This is the second lesson in Jo Boaler’s “How to Learn Math (for Students)”.
Carol Dweck’s mindset model says there is a “Growth” mindset, where students believe they can improve with hard work, and a “Fixed” mindset that believes that people are either smart or not and that can’t be changed. It’s not uncommon to have a growth mindset in some areas (like sports) and a fixed mindset in others (like math).
When it comes to math, those students who have a growth mindset consistently outperform those with a fixed mindset. This is because mindset influences behavior. People with a growth mindset persist until they succeed, and see mistakes as feedback.
Ironically, praise for being “smart” can lead to developing a fixed mindset! It leads students to shy away from difficult work so that their self-image of being smart isn’t challenged. However, student that are praised for being hard workers had a growth mindset. They wanted to reinforce their self-image as “hard workers” and so picked more complicated problems to do. It is important that students choose demanding tasks, because their brains grow the most when they struggle.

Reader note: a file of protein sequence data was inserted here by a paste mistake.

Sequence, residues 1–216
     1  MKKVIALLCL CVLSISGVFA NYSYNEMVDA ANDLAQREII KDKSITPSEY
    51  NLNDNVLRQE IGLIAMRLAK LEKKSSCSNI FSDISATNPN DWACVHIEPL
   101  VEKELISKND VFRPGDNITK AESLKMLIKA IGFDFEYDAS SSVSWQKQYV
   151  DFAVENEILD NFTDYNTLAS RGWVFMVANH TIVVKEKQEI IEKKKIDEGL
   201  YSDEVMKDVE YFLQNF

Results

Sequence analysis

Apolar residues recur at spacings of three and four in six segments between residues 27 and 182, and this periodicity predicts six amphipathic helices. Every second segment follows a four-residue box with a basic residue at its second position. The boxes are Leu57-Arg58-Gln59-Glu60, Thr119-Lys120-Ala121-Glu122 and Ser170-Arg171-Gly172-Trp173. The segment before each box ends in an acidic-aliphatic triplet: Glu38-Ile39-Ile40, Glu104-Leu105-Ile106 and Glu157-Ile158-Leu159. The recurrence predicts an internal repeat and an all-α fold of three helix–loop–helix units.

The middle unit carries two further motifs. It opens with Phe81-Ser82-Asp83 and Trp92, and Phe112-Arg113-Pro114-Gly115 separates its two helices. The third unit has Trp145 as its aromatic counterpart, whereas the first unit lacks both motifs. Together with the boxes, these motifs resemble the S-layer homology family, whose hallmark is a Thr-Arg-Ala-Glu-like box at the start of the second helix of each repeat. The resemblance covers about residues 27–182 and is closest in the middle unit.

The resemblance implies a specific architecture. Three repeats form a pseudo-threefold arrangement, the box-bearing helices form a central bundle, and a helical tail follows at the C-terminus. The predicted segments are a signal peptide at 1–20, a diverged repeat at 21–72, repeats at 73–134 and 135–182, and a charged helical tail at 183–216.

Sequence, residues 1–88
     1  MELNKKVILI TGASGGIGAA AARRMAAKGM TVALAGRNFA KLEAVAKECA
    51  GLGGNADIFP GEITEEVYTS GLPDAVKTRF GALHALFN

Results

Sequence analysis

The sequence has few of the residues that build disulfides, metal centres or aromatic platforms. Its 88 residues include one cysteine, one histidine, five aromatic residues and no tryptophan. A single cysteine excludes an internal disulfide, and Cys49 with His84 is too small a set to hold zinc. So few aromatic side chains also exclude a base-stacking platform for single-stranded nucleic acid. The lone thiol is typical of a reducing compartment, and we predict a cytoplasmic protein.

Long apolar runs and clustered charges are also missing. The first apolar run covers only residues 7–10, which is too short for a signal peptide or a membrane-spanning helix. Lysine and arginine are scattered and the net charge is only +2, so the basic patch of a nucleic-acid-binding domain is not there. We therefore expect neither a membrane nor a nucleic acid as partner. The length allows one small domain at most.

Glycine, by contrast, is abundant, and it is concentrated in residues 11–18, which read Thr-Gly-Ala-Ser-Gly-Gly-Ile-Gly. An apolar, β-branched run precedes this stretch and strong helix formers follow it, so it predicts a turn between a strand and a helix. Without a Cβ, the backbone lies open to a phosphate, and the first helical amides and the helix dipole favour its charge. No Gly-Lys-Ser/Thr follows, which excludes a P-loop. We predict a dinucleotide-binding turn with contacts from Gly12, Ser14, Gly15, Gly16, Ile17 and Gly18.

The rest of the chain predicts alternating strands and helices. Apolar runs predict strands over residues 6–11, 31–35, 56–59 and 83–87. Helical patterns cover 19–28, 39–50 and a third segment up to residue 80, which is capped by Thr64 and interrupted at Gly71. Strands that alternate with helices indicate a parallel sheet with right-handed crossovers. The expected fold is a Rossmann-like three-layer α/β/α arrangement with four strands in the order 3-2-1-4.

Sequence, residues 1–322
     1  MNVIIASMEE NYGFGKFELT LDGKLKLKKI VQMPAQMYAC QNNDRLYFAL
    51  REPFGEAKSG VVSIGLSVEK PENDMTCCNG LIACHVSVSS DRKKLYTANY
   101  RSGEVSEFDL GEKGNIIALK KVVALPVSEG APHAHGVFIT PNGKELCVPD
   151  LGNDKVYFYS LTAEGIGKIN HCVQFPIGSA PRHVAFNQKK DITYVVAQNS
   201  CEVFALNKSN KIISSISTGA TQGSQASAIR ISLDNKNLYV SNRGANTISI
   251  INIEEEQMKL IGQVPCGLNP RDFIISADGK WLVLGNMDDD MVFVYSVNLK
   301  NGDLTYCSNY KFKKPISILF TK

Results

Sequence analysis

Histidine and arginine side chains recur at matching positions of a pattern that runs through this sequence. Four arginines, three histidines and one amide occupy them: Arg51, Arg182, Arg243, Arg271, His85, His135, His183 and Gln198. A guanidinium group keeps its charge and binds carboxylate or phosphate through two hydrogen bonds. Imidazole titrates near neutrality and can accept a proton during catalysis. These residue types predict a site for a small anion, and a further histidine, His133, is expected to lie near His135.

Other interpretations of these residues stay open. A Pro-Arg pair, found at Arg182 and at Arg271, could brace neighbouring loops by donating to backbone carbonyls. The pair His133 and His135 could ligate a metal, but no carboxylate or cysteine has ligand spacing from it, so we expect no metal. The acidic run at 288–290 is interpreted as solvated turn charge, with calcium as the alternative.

The key to a growth mindset is to keep positive self-talk even in the face of negative messages. This could be “I can I can learn anything I choose to” or “I can achieve at the highest math levels if I want to.”
One study had teachers gave half their students a note with their feedback that read, “I am giving you this feedback because I believe in you.” Those students achieved at significantly higher levels than the students who didn’t get the note with their feedback. As teachers, it important to give our students the message that we believe in them and expect high things from them.